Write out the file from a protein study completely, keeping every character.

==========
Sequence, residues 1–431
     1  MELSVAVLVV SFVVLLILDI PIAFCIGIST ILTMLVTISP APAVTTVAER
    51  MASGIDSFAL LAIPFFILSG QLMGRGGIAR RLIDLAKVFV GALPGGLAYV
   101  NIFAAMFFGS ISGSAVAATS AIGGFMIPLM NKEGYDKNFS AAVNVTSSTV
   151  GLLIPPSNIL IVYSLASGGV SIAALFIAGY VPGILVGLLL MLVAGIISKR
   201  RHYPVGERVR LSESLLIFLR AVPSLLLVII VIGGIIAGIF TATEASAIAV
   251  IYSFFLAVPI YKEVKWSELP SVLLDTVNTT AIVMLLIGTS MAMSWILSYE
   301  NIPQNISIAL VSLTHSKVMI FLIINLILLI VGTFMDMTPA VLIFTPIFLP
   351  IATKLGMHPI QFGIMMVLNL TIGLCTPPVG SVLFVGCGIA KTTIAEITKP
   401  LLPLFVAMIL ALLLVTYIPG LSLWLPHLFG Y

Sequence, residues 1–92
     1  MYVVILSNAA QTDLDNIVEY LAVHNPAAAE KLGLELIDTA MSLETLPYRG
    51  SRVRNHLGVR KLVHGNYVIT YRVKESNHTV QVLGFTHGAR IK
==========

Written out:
Sequence, residues 1–431
     1  MELSVAVLVV SFVVLLILDI PIAFCIGIST ILTMLVTISP APAVTTVAER
    51  MASGIDSFAL LAIPFFILSG QLMGRGGIAR RLIDLAKVFV GALPGGLAYV
   101  NIFAAMFFGS ISGSAVAATS AIGGFMIPLM NKEGYDKNFS AAVNVTSSTV
   151  GLLIPPSNIL IVYSLASGGV SIAALFIAGY VPGILVGLLL MLVAGIISKR
   201  RHYPVGERVR LSESLLIFLR AVPSLLLVII VIGGIIAGIF TATEASAIAV
   251  IYSFFLAVPI YKEVKWSELP SVLLDTVNTT AIVMLLIGTS MAMSWILSYE
   301  NIPQNISIAL VSLTHSKVMI FLIINLILLI VGTFMDMTPA VLIFTPIFLP
   351  IATKLGMHPI QFGIMMVLNL TIGLCTPPVG SVLFVGCGIA KTTIAEITKP
   401  LLPLFVAMIL ALLLVTYIPG LSLWLPHLFG Y

Sequence, residues 1–92
     1  MYVVILSNAA QTDLDNIVEY LAVHNPAAAE KLGLELIDTA MSLETLPYRG
    51  SRVRNHLGVR KLVHGNYVIT YRVKESNHTV QVLGFTHGAR IK